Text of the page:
Vert.x - Verticle

Java Conceptuel Diagram


Verticles are the technical units of deployments of code in Vert.x.

Verticles share certain similarities with actors in the actor model.

Verticles communicate with each other by generating messages in a single event bus. Those messages are sent on the event bus to a specific address, and verticles can register to this address by using handlers.

verticles are similar to modules.

They are executing in their own context on top of a Vert.x instance.



  • are technical units of deployments of code in Vert.x.
  • have a simple start / stop life-cycle,
  • can deploy other verticles.
  • communicate through asynchronous message passing delivered by the event bus
  • can received some configuration (e.g., credentials, network addresses, etc)
  • can be deployed several times



See Vert.x - Launcher class


io.vertx.core.AbstractVerticle is the base class for verticles that mainly provides:

  • life-cycle start and stop methods to override,
  • a protected field called vertx that references the Vert.x environment where the verticle is being deployed,
  • an accessor to some configuration object that allows passing external configuration to a verticle.

With a promise object that provide feedback (if the operations succeeded or not)

public class MainVerticle extends AbstractVerticle {

  public void start(Promise<Void> promise) {


Vert.x futures are not JDK futures: they can be composed and queried in a non-blocking fashion.

The Vert.x core APIs are based on callbacks to notify of asynchronous events. callbacks allow the implementation of different models that better cope with asynchronous programming:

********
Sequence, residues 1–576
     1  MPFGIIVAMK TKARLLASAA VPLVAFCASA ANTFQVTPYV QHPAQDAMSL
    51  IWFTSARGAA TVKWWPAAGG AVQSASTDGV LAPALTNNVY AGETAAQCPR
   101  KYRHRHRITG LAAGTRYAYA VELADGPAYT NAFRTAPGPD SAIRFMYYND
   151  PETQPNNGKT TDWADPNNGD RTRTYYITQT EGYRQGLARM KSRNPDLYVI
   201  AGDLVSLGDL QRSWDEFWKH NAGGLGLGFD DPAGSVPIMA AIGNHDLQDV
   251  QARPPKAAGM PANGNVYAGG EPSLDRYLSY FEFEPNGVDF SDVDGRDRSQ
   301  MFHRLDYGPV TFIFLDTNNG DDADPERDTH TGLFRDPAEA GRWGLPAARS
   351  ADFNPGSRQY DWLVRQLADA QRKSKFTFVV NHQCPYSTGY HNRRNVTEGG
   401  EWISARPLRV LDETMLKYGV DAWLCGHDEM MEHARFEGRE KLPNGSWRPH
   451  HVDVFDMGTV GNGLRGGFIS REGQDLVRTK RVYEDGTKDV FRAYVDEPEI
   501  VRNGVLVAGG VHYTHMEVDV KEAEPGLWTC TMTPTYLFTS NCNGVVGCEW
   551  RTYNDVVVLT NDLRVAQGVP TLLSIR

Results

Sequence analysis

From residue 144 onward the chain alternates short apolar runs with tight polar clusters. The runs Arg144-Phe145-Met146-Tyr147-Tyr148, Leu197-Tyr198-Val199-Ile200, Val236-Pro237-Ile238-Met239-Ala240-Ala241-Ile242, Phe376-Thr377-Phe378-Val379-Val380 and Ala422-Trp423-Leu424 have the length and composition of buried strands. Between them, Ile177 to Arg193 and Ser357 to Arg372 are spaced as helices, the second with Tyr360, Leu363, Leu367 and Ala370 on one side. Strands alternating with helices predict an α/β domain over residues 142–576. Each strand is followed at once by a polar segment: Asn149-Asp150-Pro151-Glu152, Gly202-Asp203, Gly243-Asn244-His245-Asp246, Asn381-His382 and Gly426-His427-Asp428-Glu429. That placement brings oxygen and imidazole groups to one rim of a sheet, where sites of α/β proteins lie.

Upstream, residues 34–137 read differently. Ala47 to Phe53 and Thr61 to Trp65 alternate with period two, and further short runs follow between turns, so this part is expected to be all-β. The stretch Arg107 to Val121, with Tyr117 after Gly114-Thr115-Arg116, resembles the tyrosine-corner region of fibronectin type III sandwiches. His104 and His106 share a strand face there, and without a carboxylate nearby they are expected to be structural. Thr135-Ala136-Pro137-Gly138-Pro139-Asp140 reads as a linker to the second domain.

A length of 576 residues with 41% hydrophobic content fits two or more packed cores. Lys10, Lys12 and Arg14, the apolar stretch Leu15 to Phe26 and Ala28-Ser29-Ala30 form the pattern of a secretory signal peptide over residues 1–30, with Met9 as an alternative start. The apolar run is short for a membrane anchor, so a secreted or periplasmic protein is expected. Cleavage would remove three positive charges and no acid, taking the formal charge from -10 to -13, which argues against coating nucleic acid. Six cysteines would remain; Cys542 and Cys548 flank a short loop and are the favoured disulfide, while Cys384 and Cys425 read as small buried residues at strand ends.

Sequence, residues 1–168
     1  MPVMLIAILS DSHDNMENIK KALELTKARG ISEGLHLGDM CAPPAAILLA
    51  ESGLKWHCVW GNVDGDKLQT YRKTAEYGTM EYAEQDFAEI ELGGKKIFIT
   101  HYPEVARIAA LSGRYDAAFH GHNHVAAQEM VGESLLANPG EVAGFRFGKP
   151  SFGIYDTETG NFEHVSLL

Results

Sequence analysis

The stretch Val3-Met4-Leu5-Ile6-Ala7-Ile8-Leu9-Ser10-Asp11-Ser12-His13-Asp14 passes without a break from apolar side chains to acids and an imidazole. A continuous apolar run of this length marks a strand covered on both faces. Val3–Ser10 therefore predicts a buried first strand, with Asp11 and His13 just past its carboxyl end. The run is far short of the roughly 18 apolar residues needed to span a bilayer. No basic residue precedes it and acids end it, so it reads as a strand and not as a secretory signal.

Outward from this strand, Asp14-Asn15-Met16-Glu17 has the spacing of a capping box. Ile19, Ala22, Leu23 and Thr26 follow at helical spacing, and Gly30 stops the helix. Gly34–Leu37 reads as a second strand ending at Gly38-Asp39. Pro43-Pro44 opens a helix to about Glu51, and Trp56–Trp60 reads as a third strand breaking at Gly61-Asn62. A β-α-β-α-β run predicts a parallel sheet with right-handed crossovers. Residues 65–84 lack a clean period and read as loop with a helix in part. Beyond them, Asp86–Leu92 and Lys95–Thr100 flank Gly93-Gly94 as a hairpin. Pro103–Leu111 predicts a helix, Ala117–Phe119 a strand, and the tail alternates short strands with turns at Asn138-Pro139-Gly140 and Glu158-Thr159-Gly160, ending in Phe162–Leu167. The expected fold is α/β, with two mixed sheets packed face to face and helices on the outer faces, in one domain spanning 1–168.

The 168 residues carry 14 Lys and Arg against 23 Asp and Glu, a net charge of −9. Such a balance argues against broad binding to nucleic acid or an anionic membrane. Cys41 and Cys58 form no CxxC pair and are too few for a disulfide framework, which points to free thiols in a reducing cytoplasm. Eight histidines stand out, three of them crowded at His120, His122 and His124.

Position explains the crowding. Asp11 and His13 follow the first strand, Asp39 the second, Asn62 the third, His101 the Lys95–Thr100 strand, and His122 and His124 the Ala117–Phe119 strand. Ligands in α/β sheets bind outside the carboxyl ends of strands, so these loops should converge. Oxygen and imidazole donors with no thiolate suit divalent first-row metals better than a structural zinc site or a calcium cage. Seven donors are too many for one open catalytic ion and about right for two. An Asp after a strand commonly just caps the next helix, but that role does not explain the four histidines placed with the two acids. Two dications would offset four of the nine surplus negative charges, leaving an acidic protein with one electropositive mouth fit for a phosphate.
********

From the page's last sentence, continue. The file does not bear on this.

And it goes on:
• reactive extensions (via RxJava - streams of processed events),
  • promises and futures,
  • fibers (using bytecode instrumentation),
  • etc.
public void start(Promise<Void> promise) throws Exception {
  // When the future of prepareDatabase completes successfully, then startHttpServer is called and the steps future completes depending of the outcome of the future 
  // returned by startHttpServer. startHttpServer is never called if prepareDatabase encounters an error, in which case the steps future is in a failed state and becomes 
  // completed with the exception describing the error.
  Future<Void> steps = prepareDatabase().compose(v -> startHttpServer());
  // setHandler defines a handler to be called upon completion.
  // ar is of type AsyncResult<Void>. AsyncResult<T> is used to pass the result of an asynchronous processing and may either yield a value of type T on success or a failure exception if the processing failed.
  // AsyncResult (ar) is actually a super-interface of Future
  steps.setHandler(ar -> {  (1)
  if (ar.succeeded()) {
  } else {;


You can deploy more than one verticle:


RejectedExecutionException from ThreadPoolExecutor

If you get an error like this:

2019-12-16T14:14:41.992+0100  SEVERE  Task io.vertx.core.impl.TaskQueue$$Lambda$15/633121918@2b9dcb8c rejected from java.util.concurrent.ThreadPoolExecutor@5426275f[Terminated, pool size = 0, active threads = 0, queued tasks = 0, completed tasks = 0]
java.util.concurrent.RejectedExecutionException: Task io.vertx.core.impl.TaskQueue$$Lambda$15/633121918@2b9dcb8c rejected from java.util.concurrent.ThreadPoolExecutor@5426275f[Terminated, pool size = 0, active threads = 0, queued tasks = 0, completed tasks = 0]
	at java.util.concurrent.ThreadPoolExecutor$AbortPolicy.rejectedExecution(
	at java.util.concurrent.ThreadPoolExecutor.reject(
	at java.util.concurrent.ThreadPoolExecutor.execute(
	at io.vertx.core.impl.TaskQueue.execute(
	at io.vertx.core.impl.ContextImpl.executeBlocking(

it may comes from the fact that you deploy your verticle in a test unit like that:

vertx.deployVerticle(new DatabaseVerticle());

you need to add an handler

vertx.deployVerticle(new DatabaseVerticle(),context.asyncAssertSuccess());

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